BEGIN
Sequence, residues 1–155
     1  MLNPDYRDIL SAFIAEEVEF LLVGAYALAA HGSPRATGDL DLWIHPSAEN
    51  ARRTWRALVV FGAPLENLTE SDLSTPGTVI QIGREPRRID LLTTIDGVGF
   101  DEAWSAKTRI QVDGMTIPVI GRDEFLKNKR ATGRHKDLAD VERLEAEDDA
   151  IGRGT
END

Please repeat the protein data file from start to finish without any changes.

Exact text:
Sequence, residues 1–155
     1  MLNPDYRDIL SAFIAEEVEF LLVGAYALAA HGSPRATGDL DLWIHPSAEN
    51  ARRTWRALVV FGAPLENLTE SDLSTPGTVI QIGREPRRID LLTTIDGVGF
   101  DEAWSAKTRI QVDGMTIPVI GRDEFLKNKR ATGRHKDLAD VERLEAEDDA
   151  IGRGT